By David Gee
empəTHē/noun/the ability to understand and share the feelings of another.
How much time do you spend thinking about being more empathetic? Do you know the impact that a lack of empathy in the workplace has on employees’ mental health? What are some of the habits – and characteristics – of highly empathetic people? Is empathy even on your radar for 2022?
It needs to be, according to mental health experts. Empathy has always been important, but they say never more so than during these challenging, stressful times.
The other COVID crisis
The survey software company Qualtrics did a global study on mental health with 2,000 working people in Australia, France, Germany, New Zealand, Singapore, the UK and the U.S.
In the aggregate, two out of five (41.6%) respondents said their mental health declined since the start of the COVID-19 outbreak. And the number of people who rated the state of their mental health in the lowest range (3 or under on a 10-point scale) has doubled since the outbreak began.
Further, the survey found moving to a new remote or alternative work arrangement impacted employees’ mental health significantly:
- 44.4% of those who are now working from home say their mental health has declined.
- Newly remote workers are 30% more likely than those still employed in any other setting (office, non-traditional office setting, self-employed, etc.) to say their mental health has declined.
- Unemployed workers have the highest proportion of mental health declines (48.5%) followed by newly remote workers (44.4%), and then all other employed workers (34.1%).
- For those who have worked from home for more than two weeks, they are 50% more likely to say that their mental health has declined due to “more chronic sadness” and “more fatigue.”
It’s also interesting to note that mental health is suffering at about the same number at all levels of organizations:
- 44% of rank-and-file employees report decreased mental health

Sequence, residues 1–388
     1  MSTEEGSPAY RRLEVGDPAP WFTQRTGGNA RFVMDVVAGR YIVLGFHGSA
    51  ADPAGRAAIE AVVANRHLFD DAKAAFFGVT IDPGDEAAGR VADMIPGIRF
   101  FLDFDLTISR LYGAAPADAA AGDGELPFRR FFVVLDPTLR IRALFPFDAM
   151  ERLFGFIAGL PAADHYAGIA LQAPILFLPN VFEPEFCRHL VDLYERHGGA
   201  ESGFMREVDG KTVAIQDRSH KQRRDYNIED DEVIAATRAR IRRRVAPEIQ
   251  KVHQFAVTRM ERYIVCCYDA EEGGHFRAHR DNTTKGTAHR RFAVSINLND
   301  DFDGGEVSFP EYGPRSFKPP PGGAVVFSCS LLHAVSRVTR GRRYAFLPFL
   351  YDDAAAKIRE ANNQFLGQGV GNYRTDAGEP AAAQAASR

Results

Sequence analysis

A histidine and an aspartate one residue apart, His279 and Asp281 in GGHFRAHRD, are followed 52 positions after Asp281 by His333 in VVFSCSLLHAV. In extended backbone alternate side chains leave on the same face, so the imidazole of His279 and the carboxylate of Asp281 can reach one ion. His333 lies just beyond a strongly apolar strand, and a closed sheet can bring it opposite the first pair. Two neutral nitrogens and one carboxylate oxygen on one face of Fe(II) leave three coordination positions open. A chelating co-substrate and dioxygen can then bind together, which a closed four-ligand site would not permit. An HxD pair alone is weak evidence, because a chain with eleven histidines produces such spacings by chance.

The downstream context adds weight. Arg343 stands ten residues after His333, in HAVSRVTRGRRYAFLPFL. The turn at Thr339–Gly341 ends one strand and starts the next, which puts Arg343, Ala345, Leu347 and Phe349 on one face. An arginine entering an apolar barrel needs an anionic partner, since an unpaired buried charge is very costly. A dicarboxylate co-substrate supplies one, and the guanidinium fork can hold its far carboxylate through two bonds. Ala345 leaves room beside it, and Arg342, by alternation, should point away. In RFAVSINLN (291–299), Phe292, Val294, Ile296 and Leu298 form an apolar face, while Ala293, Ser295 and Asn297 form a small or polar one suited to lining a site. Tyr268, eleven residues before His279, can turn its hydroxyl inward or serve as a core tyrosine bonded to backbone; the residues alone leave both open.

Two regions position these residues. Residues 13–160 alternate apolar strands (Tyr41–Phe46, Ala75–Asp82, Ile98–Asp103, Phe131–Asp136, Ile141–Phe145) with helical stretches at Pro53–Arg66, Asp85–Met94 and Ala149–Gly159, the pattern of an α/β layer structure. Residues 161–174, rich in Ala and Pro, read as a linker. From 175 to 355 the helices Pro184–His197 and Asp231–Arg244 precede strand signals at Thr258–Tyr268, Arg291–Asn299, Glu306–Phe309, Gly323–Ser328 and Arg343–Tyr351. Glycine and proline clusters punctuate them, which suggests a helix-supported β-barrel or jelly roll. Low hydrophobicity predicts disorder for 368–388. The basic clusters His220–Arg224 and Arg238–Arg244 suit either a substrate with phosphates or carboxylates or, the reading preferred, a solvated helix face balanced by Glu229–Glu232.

- 40.5% of C-level employees report decreased mental health
- 40.1% of managers’ report decreased mental health
So yeah, people are stressed for sure. Spend a couple of minutes poring through your social media feeds, or even better, actually talking to people, and you can feel the stress and anxiety permeate the conversation.
What are people most stressed about? The survey says, not surprisingly, contracting COVID, financial pressures, being stuck at home, loneliness/social isolation, fears about job security, and of course if they are parents, concern for their kids.
You have no doubt deduced by now, especially given the title of this piece, that empathy can be a strong antidote to stress. Qualtrics’ data shows that actions on behalf of both a company or organization at large, as well as that of individual managers and supervisors, can improve mental health and mitigate some of the negative effects of stress.
How? First off, mental health and workplace exerts says managers must care (and act) personally. They are an employees’ direct connection to the company, and their actions can either make mental health challenges better – or worse.
Some 38.2% of the survey respondents say their company has not even asked them how they are doing emotionally since the pandemic began, and that group is 38% more likely to say their mental health has declined.
Those who said their company has reached out stated that a direct call from their manager was the most effective way to check in. More than half (57.7%) of workers surveyed said they are comfortable with their manager proactively asking them about their mental health, 41% want their managers to proactively ask them and nearly half say they feel comfortable bringing it up with their manager themselves.
However, fewer than half of those surveyed said their managers are attuned to their well-being, and only two out of five actually feel supported by managers. That group reports greater mental health challenges, is less productive and far more likely to quit.
Caring is just a start
Actually caring about – and being concerned for – colleagues and co-workers and those above and below you is a start certainly. Listening, communicating well, setting clear expectations, being transparent and taking action to address the needs of employees also serves everyone well, and you don’t need to be a mental health expert to do any of those things.
Demonstrating empathy, awareness and understanding takes diligence, deliberateness, time and effort. And it certainly comes easier to some than others. We all know that! However, experts say we can all learn how to be more empathetic. And often it might start with something as simple and basic as listening.
Pulitzer Prize-winning journalist Isabel Wilkerson describes it as “putting in the work to learn and to listen with a heart wide open, to understand another’s experience well enough to know how they are feeling it, not as we imagine we would feel.”
I’m not a big believer necessarily in New Year’s resolutions, but being more empathetic sounds like a good one to me.